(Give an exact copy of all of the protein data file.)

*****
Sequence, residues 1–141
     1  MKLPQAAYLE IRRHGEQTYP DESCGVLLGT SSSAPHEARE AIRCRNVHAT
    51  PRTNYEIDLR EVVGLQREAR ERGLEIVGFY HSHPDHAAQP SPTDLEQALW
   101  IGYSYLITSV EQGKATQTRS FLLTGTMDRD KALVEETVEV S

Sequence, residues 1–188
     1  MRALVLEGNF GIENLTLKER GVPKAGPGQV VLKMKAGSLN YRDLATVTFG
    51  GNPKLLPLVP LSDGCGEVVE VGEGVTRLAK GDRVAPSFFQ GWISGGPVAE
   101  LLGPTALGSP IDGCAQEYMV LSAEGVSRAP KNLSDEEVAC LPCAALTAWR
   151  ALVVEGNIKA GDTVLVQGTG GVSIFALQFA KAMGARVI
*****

Sequence, residues 1–141
     1  MKLPQAAYLE IRRHGEQTYP DESCGVLLGT SSSAPHEARE AIRCRNVHAT
    51  PRTNYEIDLR EVVGLQREAR ERGLEIVGFY HSHPDHAAQP SPTDLEQALW
   101  IGYSYLITSV EQGKATQTRS FLLTGTMDRD KALVEETVEV S

Sequence, residues 1–188
     1  MRALVLEGNF GIENLTLKER GVPKAGPGQV VLKMKAGSLN YRDLATVTFG
    51  GNPKLLPLVP LSDGCGEVVE VGEGVTRLAK GDRVAPSFFQ GWISGGPVAE
   101  LLGPTALGSP IDGCAQEYMV LSAEGVSRAP KNLSDEEVAC LPCAALTAWR
   151  ALVVEGNIKA GDTVLVQGTG GVSIFALQFA KAMGARVI